Getting Heard Above the Noise
I don't normally handle media relations for clients, but did recently, organizing a media conference that was held in Edmonton yesterday.
The media has changed drastically since I was in it many years ago and I'm reminded of the changes when I work with groups on news conferences, or similar events.
It's still a great way for organizations to tell their story and get noticed. Doing it during an election campaign is tricky though because so many groups are fighting for media attention.
Arranging a Media Event
My client was the Alberta branch of the Canadian Bar Association, or CBA – Alberta for short. It represents lawyers, judges and others in the judicial system like law students.
CBA - Alberta asked me to arrange a media conference so it could tell its story about what it feels should be important issues in the Alberta election campaign. Arranging media events like this isn’t something I do often, but I learned when I was in the media how some media events are run well and how others aren’t. Now more than 30 years later I still remember those lessons and try to give media people every chance to have access to get the story they want.
CBA – Alberta wanted to make it clear that Albertans should be concerned about issues related to funding for the justice system, making the point that less than one percent of the Alberta budget goes into the system. It also said, for every dollar spent, six dollars is saved elsewhere in the system.
CBA – Alberta President Frank Friesacher talked about issues like proper funding of the judicial system to ensure court cases aren’t delayed. He also talked about changes needed to help those going through family law cases, a need for a separate court system to handle drug-related issues and issues related to the independence of the judicial system, something we’ve heard a lot about in relation to the SNC-Lavalin affair.
Everyone Has an Issue
Lawyers weren’t the only ones wanting their issues to get some play leading up to the election recently. In the last week alone, Edmonton Public School Trustees held a media availability in front of Rogers Place, the provincial road builders and heavy construction association talked about why more money needs to be sunk into roadway construction and maintenance and the group representing home builders and land developers pointed out a terrible situation for the new housing market is getting even worse because of record high inventories. Those are just the ones I heard of. There likely were others.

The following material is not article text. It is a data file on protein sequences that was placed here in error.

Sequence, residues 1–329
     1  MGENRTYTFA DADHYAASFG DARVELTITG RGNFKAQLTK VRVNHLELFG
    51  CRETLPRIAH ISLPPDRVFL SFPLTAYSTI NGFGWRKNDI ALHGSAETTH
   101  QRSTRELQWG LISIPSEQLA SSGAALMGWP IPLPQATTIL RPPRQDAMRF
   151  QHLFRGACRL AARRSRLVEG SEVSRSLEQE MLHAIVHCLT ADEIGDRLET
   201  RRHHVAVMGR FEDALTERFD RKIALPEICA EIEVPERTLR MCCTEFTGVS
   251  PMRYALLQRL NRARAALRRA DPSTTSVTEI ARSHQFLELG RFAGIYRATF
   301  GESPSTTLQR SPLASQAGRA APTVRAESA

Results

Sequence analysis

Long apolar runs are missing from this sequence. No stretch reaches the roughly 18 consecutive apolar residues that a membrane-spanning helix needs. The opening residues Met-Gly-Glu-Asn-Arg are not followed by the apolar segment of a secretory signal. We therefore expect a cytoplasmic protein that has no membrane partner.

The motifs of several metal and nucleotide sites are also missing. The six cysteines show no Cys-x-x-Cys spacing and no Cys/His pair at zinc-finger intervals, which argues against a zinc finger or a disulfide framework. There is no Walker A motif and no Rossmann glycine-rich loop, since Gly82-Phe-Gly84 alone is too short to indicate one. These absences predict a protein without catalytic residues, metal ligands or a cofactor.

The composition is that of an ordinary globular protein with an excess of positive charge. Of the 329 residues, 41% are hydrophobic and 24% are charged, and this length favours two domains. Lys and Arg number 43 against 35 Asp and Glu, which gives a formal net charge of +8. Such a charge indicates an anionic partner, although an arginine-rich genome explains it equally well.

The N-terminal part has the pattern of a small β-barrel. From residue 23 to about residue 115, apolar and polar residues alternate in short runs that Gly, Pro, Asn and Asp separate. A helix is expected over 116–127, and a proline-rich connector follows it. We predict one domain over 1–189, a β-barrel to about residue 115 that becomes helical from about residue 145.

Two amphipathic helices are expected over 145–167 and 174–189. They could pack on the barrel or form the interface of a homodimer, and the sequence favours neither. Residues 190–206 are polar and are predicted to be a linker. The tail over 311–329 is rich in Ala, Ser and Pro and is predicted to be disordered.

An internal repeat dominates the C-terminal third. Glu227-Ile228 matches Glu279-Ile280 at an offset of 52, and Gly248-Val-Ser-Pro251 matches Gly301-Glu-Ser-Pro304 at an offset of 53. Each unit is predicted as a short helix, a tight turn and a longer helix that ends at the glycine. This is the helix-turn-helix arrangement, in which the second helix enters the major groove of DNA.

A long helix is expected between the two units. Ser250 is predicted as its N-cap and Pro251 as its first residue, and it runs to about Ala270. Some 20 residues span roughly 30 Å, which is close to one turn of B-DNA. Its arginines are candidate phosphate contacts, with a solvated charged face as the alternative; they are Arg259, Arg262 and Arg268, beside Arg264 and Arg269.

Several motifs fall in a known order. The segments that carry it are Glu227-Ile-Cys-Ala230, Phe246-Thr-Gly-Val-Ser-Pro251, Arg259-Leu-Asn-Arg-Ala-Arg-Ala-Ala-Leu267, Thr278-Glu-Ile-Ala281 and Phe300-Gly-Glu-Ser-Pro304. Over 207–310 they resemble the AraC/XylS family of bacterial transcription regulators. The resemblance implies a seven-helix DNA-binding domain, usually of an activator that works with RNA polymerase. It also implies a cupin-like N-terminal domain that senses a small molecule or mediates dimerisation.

It’s no surprise that groups want their voices heard during elections. They understand people are more interested in issues during election campaigns. Many of these issues could be brought up by the groups at any time during the year, but they wouldn’t have the same impact. People are talking politics and issues. There’s just more interest.
Groups hit a home run when they get voters asking politicians about these issues when they do door knocking. There’s nothing better for them than somebody running for office being asked by a prospective voter, how do you feel about the small amount of money being spent on the justice system, or what’s your plan to help the struggling housing market?
Working the Media
The problem that associations and special interest groups have is getting heard above all the noise. Not only are politicians talking about issues in the media, so is everyone else and groups need to go the extra mile to get their point across. That’s why CBA – Alberta wanted to do a media event. It’s not easy though. There’s a lot of competition for scarce editorial space in newspapers, or on TV newscasts. There are also fewer reporters these days, so getting a good turnout from the media at a news conference becomes a challenge.
CBA – Alberta did well in terms of coverage. As an example, Global News took the association's statements and got reaction from all four major party leaders. Here is its report.
Holding a news conference to make an announcement is still a bit of a crap shoot these days. We all know about cutbacks in media over the last 25 years. Getting reporters to cover your story isn’t easy, especially if it’s not a burning issue.
One of the biggest reasons for that is that radio reporters have virtually disappeared. Prior to the early 90’s, half the reporters at media conferences sometimes came from radio stations, but that doesn’t happen anymore. FM stations no longer do news and even the amount of news coverage on AM has been drastically cut. As a result, fewer reporters are needed.
In markets like Edmonton where there are Postmedia outlets, the same reporter covers the event for both papers. In Edmonton’s case it’s The Journal and the Sun.
Television stations are relying on camera operators to also ask questions that reporters used to ask. They take the video back to the station where it’s edited.
There are better ways of doing local journalism, but that's the reality in 2019. Don’t blame the journalists or the media outlets. They’re doing their best, but no longer have enough resources because of competition from the internet for advertising revenue. They're dealing with the internet monster. I'm glad I left the business before it got out of its cage.
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